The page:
task of leading the fight, even at 84.
"He has since independence turned the people of Zimbabwe into an anvil
upon which British imperial perfidy has painfully knocked its head in
repeated failures," the paper declares.

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Steal an ID - steal a vote

The Zimbabwean

Thursday, 05 June 2008 07:02
MVUMA - The villagers of Mvuma have just experienced electioneering
Robert Mugabe-style, with at least two houses burnt to cinder by marauding
youth militia and war veterans and several MDC activists threatened with
The trauma of being invaded by a violent, marauding militia is stamped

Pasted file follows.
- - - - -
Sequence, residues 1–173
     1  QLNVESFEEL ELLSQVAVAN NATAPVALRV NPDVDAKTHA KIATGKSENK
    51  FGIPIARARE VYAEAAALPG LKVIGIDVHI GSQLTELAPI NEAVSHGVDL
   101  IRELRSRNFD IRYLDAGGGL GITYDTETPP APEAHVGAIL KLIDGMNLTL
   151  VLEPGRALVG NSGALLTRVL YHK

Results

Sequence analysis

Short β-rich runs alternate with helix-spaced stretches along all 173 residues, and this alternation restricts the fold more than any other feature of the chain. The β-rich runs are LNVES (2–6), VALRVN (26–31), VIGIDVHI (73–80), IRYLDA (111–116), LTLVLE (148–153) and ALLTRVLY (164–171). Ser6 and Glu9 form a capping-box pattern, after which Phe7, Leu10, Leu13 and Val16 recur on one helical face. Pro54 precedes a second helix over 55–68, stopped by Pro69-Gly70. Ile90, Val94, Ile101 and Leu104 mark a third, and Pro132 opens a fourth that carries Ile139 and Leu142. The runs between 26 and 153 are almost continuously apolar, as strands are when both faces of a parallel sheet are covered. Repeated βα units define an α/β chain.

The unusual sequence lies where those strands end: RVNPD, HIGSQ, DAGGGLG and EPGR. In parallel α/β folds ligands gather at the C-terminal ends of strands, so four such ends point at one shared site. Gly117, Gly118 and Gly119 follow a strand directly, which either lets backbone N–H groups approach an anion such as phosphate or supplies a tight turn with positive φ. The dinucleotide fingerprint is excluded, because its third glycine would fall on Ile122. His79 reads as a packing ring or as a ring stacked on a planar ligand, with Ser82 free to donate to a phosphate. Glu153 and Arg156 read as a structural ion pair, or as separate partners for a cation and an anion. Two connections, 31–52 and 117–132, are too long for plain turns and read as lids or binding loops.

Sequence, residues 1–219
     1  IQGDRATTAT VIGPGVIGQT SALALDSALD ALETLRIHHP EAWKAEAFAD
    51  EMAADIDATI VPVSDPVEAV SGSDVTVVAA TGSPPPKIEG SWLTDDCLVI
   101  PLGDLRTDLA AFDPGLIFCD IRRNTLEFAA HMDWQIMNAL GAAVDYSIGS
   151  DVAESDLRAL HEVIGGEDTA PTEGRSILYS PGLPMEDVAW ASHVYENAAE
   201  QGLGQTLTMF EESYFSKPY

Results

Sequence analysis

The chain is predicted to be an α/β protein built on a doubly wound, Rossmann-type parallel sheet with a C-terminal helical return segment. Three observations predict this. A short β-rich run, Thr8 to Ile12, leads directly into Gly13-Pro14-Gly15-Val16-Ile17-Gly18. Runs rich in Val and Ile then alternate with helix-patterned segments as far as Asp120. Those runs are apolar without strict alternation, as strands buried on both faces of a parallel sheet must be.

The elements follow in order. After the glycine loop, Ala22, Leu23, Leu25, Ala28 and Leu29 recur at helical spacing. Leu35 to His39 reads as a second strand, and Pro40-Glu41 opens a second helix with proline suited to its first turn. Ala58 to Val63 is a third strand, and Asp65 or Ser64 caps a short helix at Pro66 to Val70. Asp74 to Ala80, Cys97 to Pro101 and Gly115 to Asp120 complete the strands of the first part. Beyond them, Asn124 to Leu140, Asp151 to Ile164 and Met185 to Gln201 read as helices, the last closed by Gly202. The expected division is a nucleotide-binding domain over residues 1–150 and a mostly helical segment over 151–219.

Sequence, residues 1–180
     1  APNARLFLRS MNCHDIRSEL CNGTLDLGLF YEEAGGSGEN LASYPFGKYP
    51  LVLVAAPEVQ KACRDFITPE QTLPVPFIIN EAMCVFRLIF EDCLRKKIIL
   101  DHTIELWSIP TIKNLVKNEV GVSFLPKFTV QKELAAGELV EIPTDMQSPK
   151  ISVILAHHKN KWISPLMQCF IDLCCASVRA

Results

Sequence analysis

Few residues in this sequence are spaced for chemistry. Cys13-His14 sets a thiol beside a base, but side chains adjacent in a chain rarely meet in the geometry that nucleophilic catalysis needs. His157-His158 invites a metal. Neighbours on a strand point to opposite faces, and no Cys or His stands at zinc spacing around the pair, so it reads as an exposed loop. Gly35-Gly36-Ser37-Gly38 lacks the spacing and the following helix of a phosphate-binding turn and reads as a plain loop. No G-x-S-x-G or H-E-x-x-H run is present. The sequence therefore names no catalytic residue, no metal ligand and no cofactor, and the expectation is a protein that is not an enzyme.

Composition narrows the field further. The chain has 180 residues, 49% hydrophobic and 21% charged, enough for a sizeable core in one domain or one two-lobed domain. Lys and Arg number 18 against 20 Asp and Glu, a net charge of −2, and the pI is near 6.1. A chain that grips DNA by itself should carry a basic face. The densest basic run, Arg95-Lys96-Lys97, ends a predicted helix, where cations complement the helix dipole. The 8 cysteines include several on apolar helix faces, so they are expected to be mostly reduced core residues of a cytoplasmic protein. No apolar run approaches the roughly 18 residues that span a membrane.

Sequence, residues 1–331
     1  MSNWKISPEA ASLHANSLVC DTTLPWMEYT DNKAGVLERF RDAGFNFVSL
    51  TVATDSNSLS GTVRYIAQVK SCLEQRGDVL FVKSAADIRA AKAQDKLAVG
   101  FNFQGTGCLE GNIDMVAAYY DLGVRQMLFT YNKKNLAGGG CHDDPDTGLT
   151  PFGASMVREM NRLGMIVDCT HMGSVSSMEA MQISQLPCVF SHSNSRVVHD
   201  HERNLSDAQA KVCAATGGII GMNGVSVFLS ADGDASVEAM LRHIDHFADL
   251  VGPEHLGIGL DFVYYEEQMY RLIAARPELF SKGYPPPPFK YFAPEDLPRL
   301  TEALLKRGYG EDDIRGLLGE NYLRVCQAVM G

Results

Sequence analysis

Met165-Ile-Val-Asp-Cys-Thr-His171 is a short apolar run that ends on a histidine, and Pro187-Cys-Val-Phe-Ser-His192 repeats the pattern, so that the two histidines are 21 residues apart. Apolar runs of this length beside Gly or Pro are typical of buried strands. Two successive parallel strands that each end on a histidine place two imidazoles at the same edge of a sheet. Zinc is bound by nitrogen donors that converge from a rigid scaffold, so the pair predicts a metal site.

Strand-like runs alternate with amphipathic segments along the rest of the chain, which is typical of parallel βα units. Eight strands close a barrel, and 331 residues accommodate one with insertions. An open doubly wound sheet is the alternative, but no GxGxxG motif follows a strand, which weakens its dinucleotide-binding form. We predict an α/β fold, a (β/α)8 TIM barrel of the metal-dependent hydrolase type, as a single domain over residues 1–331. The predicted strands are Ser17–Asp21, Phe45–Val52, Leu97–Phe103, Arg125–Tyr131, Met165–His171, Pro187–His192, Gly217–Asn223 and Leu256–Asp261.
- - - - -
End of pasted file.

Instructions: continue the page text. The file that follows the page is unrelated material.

on the faces of those who did not run from the Zimbabwean leader's special
brand of political intimidation.
They sit listlessly on the dusty ground, staring at the few cracked
plates and burnt mattresses that remain in front of their charred huts.
"I threw a birthday party here and they came for me saying I was
celebrating the MDC's victory in elections," said CM, the son of a former
Zanu (PF) in the area, who declined to have his name published. "They burnt
my home and then tried to burn me alive.  Now I have nothing."
CM was sitting in his house when the youths struck last Sunday
"I know they were Zanu," he says, referring to the pro-Mugabe party.
"I saw their T-shirts and hats."
He ran to the bush and watched as they poured three gallons of petrol
and paraffin over the thatched hut he has lived in for years.
But the most important thing CM lost - as did most of the villagers -
was his ID card, making it impossible for him to vote in the June 27